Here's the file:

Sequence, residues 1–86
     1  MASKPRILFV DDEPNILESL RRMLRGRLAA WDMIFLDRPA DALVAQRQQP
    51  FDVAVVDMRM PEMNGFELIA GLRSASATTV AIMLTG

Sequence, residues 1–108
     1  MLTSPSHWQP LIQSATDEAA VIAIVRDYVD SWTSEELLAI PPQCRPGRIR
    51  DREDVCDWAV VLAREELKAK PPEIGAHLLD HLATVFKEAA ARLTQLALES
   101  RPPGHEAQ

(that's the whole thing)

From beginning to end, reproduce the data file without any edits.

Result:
Sequence, residues 1–86
     1  MASKPRILFV DDEPNILESL RRMLRGRLAA WDMIFLDRPA DALVAQRQQP
    51  FDVAVVDMRM PEMNGFELIA GLRSASATTV AIMLTG

Sequence, residues 1–108
     1  MLTSPSHWQP LIQSATDEAA VIAIVRDYVD SWTSEELLAI PPQCRPGRIR
    51  DREDVCDWAV VLAREELKAK PPEIGAHLLD HLATVFKEAA ARLTQLALES
   101  RPPGHEAQ